• Chronic Obstructive Pulmonary Disease (COPD)
  • Chronic kidney disease (CKD)
  • Amyotrophic Lateral Sclerosis (ALS)

Hospice Vs Palliative Care

Hospice care and palliative care often get confused, but they aren’t the same. Hospice care is end-of-life care that focuses on the physical, mental, emotional, and spiritual health of a patient as they approach death from a terminal illness. Palliative care also provides care for the whole person. It aims to improve quality of life, but can be offered at any stage of an illness. 

When someone enrolls in hospice care, their doctors stop treatments meant to cure or stop the progression of their disease, as they prepare to help the patient transition to death. But with palliative care, curative treatment continues. People can stay on palliative care for weeks, months, or years. Many get better and no longer need palliative care. It’s often encouraged to start palliative care at the time of diagnosis.

FAQ for Hospice vs Comfort Care

Here are some frequently asked questions about comfort care vs hospice care.

How Long Can a Patient Last on Comfort Care?

How long a patient lasts on comfort care varies from person to person. Hospice care is offered when a doctor estimates death will occur in the next six months if the disease takes its natural course. Once in hospice care, your loved one will remain until they transition out of life. If they live longer than six months, they can continue to receive hospice care if their doctor recertifies that they have a terminal illness.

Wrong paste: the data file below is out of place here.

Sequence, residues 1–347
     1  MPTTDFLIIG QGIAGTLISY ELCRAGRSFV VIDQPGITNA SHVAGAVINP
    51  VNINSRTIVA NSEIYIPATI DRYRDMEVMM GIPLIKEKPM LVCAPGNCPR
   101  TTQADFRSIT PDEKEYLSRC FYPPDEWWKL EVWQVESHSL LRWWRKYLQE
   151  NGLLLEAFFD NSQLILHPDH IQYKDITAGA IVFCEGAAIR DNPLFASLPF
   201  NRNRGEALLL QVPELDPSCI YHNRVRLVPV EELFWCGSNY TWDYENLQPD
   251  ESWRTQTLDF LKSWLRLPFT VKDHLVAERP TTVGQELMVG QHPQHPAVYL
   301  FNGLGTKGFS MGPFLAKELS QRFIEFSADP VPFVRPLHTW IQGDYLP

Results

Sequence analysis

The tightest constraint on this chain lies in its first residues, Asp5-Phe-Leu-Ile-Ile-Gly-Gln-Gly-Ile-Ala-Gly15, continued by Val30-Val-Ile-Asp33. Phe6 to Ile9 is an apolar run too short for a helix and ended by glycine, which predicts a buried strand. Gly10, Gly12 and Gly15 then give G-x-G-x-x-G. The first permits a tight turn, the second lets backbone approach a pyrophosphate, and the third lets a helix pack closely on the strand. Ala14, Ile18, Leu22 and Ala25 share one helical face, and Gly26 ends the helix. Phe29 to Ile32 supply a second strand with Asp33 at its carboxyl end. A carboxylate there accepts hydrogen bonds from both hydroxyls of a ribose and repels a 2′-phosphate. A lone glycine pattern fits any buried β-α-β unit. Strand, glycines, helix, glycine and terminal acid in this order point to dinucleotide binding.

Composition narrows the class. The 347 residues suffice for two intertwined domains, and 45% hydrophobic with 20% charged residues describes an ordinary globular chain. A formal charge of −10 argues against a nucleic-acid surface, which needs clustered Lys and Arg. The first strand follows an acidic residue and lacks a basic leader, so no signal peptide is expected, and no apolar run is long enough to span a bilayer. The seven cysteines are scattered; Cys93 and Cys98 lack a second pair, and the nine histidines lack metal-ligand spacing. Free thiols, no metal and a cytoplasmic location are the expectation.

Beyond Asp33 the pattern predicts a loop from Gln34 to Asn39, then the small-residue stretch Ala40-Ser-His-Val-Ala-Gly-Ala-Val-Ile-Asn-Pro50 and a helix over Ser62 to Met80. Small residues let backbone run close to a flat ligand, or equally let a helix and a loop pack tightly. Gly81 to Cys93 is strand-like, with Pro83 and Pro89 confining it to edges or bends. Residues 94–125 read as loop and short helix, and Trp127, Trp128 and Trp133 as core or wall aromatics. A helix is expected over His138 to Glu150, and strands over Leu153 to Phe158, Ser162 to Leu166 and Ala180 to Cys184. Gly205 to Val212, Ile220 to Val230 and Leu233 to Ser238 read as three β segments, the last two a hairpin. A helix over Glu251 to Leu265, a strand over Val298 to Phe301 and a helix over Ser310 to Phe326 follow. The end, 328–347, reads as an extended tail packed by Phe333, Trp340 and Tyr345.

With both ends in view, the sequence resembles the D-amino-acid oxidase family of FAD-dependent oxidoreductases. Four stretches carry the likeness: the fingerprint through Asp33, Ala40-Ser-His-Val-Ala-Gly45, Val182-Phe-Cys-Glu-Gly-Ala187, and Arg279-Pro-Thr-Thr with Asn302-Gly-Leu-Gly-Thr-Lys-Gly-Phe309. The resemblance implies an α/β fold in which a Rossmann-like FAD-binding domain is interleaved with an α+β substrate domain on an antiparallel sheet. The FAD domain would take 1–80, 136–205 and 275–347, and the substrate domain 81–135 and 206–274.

Can You Come Out of Comfort Care?

It is possible to come out of comfort care. If your loved one’s condition improves, they may leave hospice care and seek curative treatment. Your loved one may also decide to leave hospice care at any time for any reason.

Summary

Preparing to say goodbye to a loved one with a terminal illness can be one of the most difficult things a family faces. But knowing your loved one is as comfortable as possible during their final days, weeks, and months of life can help ease the burden on your whole family. 

The Sage Family of Companies is here to answer any questions you may have.

Sage Hospice
Arizona

Sage Hospice
Tucson

Elevation Hospice
Colorado

Elevation Hospice
Utah

Agape Hospice Georgia

Sage Hospice
Arizona

Sage Hospice
Tucson

Elevation Hospice
Colorado

Elevation Hospice
Utah

Agape Hospice Georgia